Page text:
Source: The Denver Rocky Mountain News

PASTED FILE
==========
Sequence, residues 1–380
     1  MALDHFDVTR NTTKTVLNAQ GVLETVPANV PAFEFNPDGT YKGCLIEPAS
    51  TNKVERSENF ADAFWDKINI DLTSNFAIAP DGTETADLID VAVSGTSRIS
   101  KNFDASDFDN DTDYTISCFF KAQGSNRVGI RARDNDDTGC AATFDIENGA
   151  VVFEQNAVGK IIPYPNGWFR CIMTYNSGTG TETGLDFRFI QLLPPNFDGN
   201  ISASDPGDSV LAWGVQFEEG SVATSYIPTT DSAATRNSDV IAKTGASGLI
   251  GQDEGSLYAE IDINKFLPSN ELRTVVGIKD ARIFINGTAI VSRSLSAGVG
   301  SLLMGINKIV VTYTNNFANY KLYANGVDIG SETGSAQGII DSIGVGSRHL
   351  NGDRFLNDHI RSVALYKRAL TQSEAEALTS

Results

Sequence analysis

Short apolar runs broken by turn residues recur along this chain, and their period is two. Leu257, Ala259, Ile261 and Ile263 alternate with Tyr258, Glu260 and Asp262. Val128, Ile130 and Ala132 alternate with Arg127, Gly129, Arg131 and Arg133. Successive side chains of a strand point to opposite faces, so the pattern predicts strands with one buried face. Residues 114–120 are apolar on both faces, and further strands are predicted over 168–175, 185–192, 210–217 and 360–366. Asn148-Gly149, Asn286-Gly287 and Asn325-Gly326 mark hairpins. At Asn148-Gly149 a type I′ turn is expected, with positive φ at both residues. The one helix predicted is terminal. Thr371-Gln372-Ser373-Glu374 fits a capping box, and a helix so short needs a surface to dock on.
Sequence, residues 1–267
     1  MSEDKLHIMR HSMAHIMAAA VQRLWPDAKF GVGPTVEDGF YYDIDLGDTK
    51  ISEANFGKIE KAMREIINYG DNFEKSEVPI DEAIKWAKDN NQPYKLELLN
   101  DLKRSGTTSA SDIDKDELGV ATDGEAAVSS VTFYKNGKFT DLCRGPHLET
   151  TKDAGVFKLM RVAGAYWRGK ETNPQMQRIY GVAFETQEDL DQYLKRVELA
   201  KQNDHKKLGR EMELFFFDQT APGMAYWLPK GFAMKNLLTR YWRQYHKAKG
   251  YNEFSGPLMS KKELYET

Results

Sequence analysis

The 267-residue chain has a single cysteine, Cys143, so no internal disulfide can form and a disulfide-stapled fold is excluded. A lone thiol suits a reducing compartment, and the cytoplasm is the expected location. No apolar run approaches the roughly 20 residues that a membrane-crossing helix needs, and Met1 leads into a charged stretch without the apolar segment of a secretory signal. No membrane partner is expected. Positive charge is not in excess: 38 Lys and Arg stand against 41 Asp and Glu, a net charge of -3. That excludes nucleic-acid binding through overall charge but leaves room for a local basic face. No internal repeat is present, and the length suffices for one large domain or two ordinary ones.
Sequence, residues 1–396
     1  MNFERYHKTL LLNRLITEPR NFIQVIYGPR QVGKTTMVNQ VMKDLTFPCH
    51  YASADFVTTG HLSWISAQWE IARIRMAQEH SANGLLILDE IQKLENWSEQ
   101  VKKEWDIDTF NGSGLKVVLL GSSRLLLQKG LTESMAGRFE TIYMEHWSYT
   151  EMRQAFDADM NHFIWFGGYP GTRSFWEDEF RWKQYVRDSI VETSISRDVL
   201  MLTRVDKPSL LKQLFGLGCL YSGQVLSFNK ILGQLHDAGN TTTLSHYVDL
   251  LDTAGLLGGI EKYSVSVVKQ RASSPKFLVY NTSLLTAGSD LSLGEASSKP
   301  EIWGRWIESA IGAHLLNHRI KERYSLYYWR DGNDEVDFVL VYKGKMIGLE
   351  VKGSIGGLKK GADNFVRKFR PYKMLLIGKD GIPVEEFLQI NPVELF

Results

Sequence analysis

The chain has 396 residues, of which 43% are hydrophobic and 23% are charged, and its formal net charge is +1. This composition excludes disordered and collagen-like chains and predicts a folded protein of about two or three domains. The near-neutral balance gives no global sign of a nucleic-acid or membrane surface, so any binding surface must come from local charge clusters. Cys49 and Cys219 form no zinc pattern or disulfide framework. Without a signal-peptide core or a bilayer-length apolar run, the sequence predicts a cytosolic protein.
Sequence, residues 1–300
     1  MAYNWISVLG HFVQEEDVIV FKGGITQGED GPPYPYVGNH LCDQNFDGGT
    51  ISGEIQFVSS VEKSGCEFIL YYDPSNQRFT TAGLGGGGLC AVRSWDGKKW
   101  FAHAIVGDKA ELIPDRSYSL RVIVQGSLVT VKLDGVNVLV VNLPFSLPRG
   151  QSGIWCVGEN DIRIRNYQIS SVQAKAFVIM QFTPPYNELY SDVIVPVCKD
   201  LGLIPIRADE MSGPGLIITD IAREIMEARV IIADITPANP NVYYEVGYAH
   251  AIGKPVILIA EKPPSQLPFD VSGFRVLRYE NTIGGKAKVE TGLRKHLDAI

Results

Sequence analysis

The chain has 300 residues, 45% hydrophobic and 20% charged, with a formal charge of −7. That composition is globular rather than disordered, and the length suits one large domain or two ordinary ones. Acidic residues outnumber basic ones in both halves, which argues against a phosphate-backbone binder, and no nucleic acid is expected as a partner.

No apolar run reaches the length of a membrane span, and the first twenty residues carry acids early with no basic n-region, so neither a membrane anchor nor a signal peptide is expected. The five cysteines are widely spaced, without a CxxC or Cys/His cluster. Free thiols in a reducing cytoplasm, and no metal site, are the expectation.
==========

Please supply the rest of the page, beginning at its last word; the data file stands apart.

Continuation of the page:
On November 28, 2000, The Denver Rocky Mountain News reported that "Ramadan began Monday for the 1.1 billion followers of Islam - 15,000 of whom who live in Colorado. But Ramadan has another side - after dusk. That's when Muslims break each day's fast with a feast. The Jodehs decided to end the first day of Ramadan with four special friends, all members of the Church of Jesus Christ of Latter-day Saints. 'The first night of Ramadan is special, and the tradition is to invite your most dear family and friends. I can't think of anyone I'd rather have here than you,' Muhamed Jodeh told his guests, Dennis and Linda Brimhall and George and Ilene Dibble. The couples met through a network of community and interfaith boards. But now their relationship is far more...The 'break-fast' moment is momentous. Between dawn and dusk during Ramadan, Muslims live without food or water and in great personal austerity, including no physical contact with one's spouse. The new routine is hard to get used to. Siham Jodeh laughed because their daughter, Imam, 18, one of the couple's four children, kept calling during the day to ask, 'What's for dinner?'...The couples marveled at the common ground of their faiths. All worship the same 'God of Abraham.' Muslims follow the Koran as transmitted through the prophet Muhammed, who Islam teaches was God's greatest messenger. LDS members follow Scripture and the book of Mormon, and revere Jesus as God's chosen one, sent to Earth as savior. Both faiths have rigorous, regular fasting. In the LDS Church, 'we fast for a 24-hour period the first Sunday of every month,' said George Dibble, who is head of Dibble and Associates, a consulting firm. 'Like Muslims, we give the money we would have spent on food to the poor.'...Each tradition bans alcohol, too: 'It blurs the mind and is absolutely forbidden,' George Dibble said. The LDS Church is deeply involved in humanitarian work worldwide, and the couples wanted to know the latest news about getting help to the chaotic West Bank...Before dinner began, Muhamed Jodeh excused himself to go into the living room to pray - a sacred duty that Muslims fulfill five times daily. Praying at his side was his 17-year-old son, Ahmad. The sight touched Dennis Brimhall, watching from the dining room. He thought of his own dark-haired son, Dallas, and said, 'As I looked at father and son praying, I thought, 'How similar.' We have family prayer, too. As I saw Ahmad standing next to his dad, I thought, 'That could be us.' ' All agreed that Muslims and Mormons share a major link: 'Our common concern for the family,' said Ilene Dibble."